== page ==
The players all showed exemplary musicianship. Robinson, in her second year in Residence with Boston Lyric Opera, is entering the upcoming Met Regional Auditions competition in Atlanta.. Pianist Sarah Bob constitutes the force behind New Gallery concerts, combining music with other arts in her imaginative programming. Matthew Vera plays in the first violin section of Boston Philharmonic and the new Izarra Quartet. Second violinist Mina Lavcheva, a member of both the Portland and Rhode Island Symphonies, has played locally with the Handel and Haydn Society and Gil Rose’s two organizations, BMOP and Odyssey Opera. Violist Ashleigh Gordon, co-founder and Artistic/Executive Director of Castle of Our Skins, and cellist Lev Mamuya (who has written two reviews for this journal) both participate in the popular string orchestra, A Far Cry, as well as other local groups.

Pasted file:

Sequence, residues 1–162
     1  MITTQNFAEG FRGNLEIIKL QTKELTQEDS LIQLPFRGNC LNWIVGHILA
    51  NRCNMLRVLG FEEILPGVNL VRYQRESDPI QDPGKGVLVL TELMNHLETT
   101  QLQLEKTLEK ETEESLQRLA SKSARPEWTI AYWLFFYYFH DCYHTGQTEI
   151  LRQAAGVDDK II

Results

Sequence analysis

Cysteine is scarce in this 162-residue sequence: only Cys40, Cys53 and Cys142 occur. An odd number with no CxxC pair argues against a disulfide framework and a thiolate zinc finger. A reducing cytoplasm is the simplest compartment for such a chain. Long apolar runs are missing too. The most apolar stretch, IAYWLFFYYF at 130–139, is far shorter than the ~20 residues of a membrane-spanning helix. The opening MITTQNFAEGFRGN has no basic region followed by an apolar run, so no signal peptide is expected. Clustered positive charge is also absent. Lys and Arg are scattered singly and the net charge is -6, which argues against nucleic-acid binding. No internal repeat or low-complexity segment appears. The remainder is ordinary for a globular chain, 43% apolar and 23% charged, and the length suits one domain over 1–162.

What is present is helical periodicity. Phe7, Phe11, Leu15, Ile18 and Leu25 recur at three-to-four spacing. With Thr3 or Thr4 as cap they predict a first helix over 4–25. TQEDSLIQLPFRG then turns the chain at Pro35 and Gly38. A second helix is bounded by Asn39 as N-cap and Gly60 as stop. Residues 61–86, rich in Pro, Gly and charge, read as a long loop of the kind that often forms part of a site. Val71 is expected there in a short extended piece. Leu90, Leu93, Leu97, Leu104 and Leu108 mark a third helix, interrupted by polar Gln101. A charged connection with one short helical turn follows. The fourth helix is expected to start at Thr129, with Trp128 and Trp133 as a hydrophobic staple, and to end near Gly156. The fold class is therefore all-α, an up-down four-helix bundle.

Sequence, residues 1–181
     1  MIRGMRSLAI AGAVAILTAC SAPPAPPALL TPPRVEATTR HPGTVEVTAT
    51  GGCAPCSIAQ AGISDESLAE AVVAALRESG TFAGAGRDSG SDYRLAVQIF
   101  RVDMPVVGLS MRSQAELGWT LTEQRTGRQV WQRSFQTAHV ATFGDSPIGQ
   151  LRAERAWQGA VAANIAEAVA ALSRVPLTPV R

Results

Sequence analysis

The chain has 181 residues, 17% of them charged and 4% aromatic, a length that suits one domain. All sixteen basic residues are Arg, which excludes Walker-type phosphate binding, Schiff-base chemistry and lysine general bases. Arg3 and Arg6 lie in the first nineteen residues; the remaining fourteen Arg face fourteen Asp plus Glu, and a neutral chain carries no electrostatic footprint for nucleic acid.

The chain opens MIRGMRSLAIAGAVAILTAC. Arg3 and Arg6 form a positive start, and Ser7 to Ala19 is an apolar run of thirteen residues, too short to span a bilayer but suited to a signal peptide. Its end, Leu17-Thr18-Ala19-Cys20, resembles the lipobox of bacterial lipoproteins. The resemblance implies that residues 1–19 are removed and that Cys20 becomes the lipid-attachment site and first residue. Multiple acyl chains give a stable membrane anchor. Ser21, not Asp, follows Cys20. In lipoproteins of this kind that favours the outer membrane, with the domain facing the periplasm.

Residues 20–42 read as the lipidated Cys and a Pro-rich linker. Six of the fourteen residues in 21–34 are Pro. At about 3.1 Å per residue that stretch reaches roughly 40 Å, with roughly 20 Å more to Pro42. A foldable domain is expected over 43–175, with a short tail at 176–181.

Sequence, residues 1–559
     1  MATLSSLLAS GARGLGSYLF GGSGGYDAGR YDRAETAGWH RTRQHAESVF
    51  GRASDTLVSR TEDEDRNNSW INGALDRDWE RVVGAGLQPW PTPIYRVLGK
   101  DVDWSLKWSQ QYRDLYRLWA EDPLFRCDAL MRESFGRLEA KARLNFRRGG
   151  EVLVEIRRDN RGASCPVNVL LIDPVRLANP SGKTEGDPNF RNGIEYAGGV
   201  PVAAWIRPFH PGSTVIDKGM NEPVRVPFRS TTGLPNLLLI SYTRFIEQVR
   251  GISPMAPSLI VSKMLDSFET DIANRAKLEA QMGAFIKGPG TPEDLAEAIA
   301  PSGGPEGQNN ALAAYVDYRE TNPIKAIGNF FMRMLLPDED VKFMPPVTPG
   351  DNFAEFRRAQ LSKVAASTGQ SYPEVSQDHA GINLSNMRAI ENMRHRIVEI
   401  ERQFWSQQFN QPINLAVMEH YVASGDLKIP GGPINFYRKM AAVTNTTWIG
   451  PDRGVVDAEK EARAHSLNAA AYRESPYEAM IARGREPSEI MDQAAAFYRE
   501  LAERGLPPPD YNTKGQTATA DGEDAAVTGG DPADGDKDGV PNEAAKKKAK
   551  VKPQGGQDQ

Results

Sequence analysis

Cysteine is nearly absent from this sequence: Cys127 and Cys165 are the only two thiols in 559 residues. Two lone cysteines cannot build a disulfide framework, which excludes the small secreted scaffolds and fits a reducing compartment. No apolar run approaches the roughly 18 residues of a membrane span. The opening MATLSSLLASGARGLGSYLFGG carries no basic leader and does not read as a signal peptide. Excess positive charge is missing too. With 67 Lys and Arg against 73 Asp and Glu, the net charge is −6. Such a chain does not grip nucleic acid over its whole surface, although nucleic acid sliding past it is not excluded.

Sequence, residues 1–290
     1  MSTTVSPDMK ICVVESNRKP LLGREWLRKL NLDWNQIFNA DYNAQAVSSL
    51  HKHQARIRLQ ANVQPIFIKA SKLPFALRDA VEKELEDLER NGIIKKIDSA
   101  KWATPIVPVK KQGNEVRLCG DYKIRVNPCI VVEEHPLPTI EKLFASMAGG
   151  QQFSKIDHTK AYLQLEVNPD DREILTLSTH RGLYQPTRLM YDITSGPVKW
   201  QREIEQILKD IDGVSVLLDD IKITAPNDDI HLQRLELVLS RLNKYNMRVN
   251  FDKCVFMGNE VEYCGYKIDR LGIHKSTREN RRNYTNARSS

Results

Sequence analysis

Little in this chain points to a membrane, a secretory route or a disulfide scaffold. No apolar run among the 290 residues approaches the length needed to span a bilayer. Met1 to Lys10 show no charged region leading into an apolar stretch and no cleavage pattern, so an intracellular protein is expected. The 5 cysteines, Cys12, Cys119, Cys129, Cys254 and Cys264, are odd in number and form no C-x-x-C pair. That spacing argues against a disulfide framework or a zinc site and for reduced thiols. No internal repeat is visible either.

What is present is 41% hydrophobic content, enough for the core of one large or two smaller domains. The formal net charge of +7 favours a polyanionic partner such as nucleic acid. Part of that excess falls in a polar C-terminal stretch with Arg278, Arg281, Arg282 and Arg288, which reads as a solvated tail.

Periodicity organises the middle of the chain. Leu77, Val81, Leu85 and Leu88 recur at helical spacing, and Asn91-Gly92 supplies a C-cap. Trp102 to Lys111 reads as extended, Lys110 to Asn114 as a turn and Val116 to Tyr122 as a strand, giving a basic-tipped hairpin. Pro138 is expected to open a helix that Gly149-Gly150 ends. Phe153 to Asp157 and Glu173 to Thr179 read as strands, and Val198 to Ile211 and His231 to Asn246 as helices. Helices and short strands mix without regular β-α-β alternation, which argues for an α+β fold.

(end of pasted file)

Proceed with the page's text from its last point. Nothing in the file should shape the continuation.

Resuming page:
The audience included young daughters of Sarah Bob, one dressed in her purple party dress; a man from Brookline with his 14-year old daughter who had never been to the Athenæum; and two older men, one from Somerville, music-lovers who also had never been to the library. Athenæum director Leah Rosovsky was not able to attend because of the death a few days ago of her father, Henry Rosovsky. But there is a felicitous connection of her father to the motive behind this celebratory concert: Rosovsky, retired Dean of Harvard College, was responsible, albeit at the urging of students at the time, for setting up Harvard’s first Department of African-American Studies, later appointing Henry Louis Gates as its chairman. An Athenæum trustee, Creelea Pangaro, who did attend the concert, found it “wonderful… Their voices and strings woke the Long Room to glorious new life!” That was the Athenæum’s goal.

Bettina A. Norton, emerita editor of the Intelligencer, is a retired museum professional. She has published widely in her field, American historical prints, and in later years, was editor and publisher of The Beacon Hill Chronicle. She has been attending classical music concerts “since the waning years of World War II.”